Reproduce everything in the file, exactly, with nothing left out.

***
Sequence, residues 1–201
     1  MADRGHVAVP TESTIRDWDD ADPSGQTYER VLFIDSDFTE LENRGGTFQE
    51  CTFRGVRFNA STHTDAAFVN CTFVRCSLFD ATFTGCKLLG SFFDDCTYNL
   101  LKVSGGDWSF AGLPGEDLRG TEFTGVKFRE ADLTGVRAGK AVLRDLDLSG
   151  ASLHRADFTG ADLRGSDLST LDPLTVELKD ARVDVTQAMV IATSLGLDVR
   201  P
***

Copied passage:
Sequence, residues 1–201
     1  MADRGHVAVP TESTIRDWDD ADPSGQTYER VLFIDSDFTE LENRGGTFQE
    51  CTFRGVRFNA STHTDAAFVN CTFVRCSLFD ATFTGCKLLG SFFDDCTYNL
   101  LKVSGGDWSF AGLPGEDLRG TEFTGVKFRE ADLTGVRAGK AVLRDLDLSG
   151  ASLHRADFTG ADLRGSDLST LDPLTVELKD ARVDVTQAMV IATSLGLDVR
   201  P